The Oscar Awards Ceremony is tomorrow and it is time for my annual predictions of who will win in each of the major categories. I didn’t do so well last year, getting only eight of the 24 categories correct. (I did better the two previous years, but still guessing only a third isn’t all that great). Maybe this year will bring my average back up.
My predictions of who will win in each category is not the same thing as which movie I think is best. The academy voters aren’t necessarily like me (or the rest of us for that matter) and they have their own set of criteria for what makes or breaks a film, or a person, in each category. And, of course, I make my predictions long before I’ve even seen most of these films – this year I have only seen seven out of the 41 feature-length nominated films and none of the shorts. However, in some ways not seeing the film gives me an advantage in making the prediction because it largely eliminates my own personal preference from the equation. I base my prediction largely on what I have read about the reactions to the films, what the hype is all about, and what political pressures are acting on the voters (like the surging demands for more diversity in both Oscar nominations and ad awards). So with all those caveats, here we go:
The Shorts –
“If Anything Happens I Love You” – Animated Short
“Two Distant Strangers” – Live-Action Short
“A Concerta is a Conversation” – Documentary Short
The shorts are particularly difficult if you haven’t seen them simply because there isn’t a whole lot of information about them. I’ve made my guesses (and that’s definitely all they are, largely because of the title or the fact that they are available on Netflix. But if you like something else better, go for it.
Documentary Feature – “My Octopus Teacher”
I’ve written an entire documentary genre review where I discuss my reasons (this is the only category where I have seen all of the films), but basically I think the voters are going to go for something as politically neutral as possible – 2020 was already too full of stressful politics. It doesn’t hurt that the film is both beautiful and moving to watch.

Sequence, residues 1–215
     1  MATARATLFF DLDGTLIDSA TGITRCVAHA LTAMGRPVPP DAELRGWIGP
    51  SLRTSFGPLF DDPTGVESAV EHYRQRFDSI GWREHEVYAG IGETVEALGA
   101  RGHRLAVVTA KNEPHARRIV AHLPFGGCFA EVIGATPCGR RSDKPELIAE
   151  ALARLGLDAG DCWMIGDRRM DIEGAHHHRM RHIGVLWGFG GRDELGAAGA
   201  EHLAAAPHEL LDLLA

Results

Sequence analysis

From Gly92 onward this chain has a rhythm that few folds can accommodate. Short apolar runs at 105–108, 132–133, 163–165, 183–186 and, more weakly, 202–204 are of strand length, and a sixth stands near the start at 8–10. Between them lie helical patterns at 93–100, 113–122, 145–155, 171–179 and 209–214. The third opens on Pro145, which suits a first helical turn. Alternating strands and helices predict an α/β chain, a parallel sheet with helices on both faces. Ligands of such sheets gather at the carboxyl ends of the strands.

International Feature – “Another Round”
I’ve seen Collective (Romania) and it is a powerful documentary. I have also heard that Quo Vadis, Aida? (Bosnia/Herzegovina) and Another Round (Denmark) have received rave reviews. Because of the same reason Collective doesn’t win the Documentary Oscar, I don’t think it will win here either. Between the other two it is a tough call, but I’m kind of thinking that the subject of drinking in Another Round might make it a strong contender.
Animated Feature – “Soul”
You don’t have to say more than that it is from Pixar/Disney and they almost always win when they have an entry. It also doesn’t hurt that it was nominated for Original Score and Sound meaning that it has found followers in other technical fields.
The ‘minor’ categories:
Sound – “Sound of Metal”
Films about making music often win in this category (which is a combination of previous categories of Sound Mixing and Sound Editing). Furthermore the story line of this movie (about a musician going deaf) makes the sound work particularly intriguing.
Original Score – “Minari”
I’ve been listening, off and on, to the five soundtracks for the movies nominated in this category and the most unique sound seems to be this one. It helps that this movie was also a Best Picture nominee. But Soul could also pose a surprise winner.
Original Song – “Speak Now” (“One Night in Miami”)
This is the one category that I think should be eliminated. It is a pet peeve of mine that most of the time (this year four out of the five) songs don’t even appear until the ending credits. I don’t think I’m alone in thinking that songs should really contribute to the construction of the film itself, not be an afterthought. So this is a tough one for me. I’m going with One Night in Miami only because it is sung by Leslie Odom, Jr. and he has also received an acting nomination.